London Olympics inspires relaxed chic at New York Fashion Week
today Sep 6, 2012
NEW YORK (Reuters) - Pajama styles, track pants and bomber jackets are the trends that top U.S. department store buyers expect to see on the runways at New York's Fashion Week when it starts on Thursday - a relaxed chic they say was inspired by the London Olympics.
More than 80 designers will show collections for the spring/summer 2013 season as part of the semi-annual event. Many of the shows take place at Manhattan's Lincoln Center as part of the official Mercedes-Benz Fashion Week, while dozens more labels will parade their collections elsewhere in the city.
Dresses are likely to feature strongly on the runway, but buyers say this season will be all about sporty separates.
"The Olympics were probably on many designers' minds when they were designing these collections ... so we will see sporty jackets and track pants and some athletic inspirations," said Colleen Sherin, senior fashion director Saks Fifth Avenue.
The excitement generated by the summer Olympics inspired designers to focus on comfort and ease, but while the athletes in London donned Spandex and cotton, designers will instead use luxurious materials such as leather and silk.
"It's hard to deny that everyone has been paying attention to the Olympics. We've been looking at these fit and healthy individuals and all these interesting sporty silhouettes," said Ken Downing, fashion director of Neiman Marcus.
"But it's not the idea of wearing casual clothes in casual fabrics. It's often this movement about doing something with a relaxed sensibility, with less structure, but often doing it in a very luxe fabric," said Downing, dubbing it "relaxed chic."
Sporty bomber and motorcycle jackets are expected to feature in a variety of fabrics and prints. "It's a jacket moment," Downing said.
Despite rocky stock markets and worries that the Euro zone financial crisis and global economy could dampen luxury spending, consumers are still willing to shop. Consumer spending makes up about 70 percent of U.S. economic activity.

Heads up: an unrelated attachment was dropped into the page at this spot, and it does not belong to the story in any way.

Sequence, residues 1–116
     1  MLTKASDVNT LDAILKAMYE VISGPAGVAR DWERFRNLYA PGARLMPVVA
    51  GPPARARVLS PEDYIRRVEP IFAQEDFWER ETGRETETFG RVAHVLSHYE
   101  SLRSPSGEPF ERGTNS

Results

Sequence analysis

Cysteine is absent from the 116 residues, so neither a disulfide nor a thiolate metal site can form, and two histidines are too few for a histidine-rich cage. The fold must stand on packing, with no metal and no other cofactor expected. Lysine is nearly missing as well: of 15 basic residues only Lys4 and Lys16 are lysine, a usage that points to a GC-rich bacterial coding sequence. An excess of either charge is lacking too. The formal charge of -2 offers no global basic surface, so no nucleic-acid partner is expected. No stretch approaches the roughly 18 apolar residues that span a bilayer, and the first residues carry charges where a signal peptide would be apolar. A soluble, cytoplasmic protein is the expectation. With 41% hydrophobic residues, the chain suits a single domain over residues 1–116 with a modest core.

"The customer is very savvy. She's willing to pay for the quality and something that looks like the price tag that's attached to it," said Downing.
COLOR REFLECTING OPTIMISM
As the United States slowly recovers from its worst recession in decades, Sherin said customers are more thoughtful.
"That is just how people shop now. They look for items they can wear several different ways, where there's a multi-use factor that they can certainly wear more than once," she said.
Color can grab consumers' attention, and department store buyers said they hope to see lots of it in New York.
"Fashion is reflective of and responsive to the times," said Barneys New York Senior Fashion Director Tomoko Ogura. "At the moment, I think people are looking for optimistic ways of dressing and infusing bright happy colors is an easy way to accomplish this.
"I expect to see soft spring shades with shocks of brighter, more saturated tones," she said. "Blue and ocean colors will also play a significant role in spring's color palette."
Sak's Sherin said she expects to see shades of yellow and green and bright blue, while Neiman Marcus' Downing predicted that lace would feature prominently.
"Lace brings a lovely romantic spirit, and it gives an instant femininity to everything it's incorporated into," Downing said. "Designers are really paying attention to what emotionally women gravitate to. Women love lace, there's no denying it."
When it comes to dresses, Downing says it will be a tale of two silhouettes - tight-fitting and loose cuts. Dresses remain popular because women can skip the extra, sometimes more costly, step of coordinating skirts or pants with a blouse or T-shirt.
But what expected runway trends may not work?
"Head-to-toe pajama dressing," said Saks Sherin. "It needs to be broken up.
"In the real world we need to show women how they can incorporate a piece into their look. Not head to toe, unless you're Hugh Hefner," she said.
Fashion Week in New York is followed by events in London, Paris and Milan. (Reporting by Michelle Nichols, Editing by Ellen Wulfhorst and Jackie Frank)
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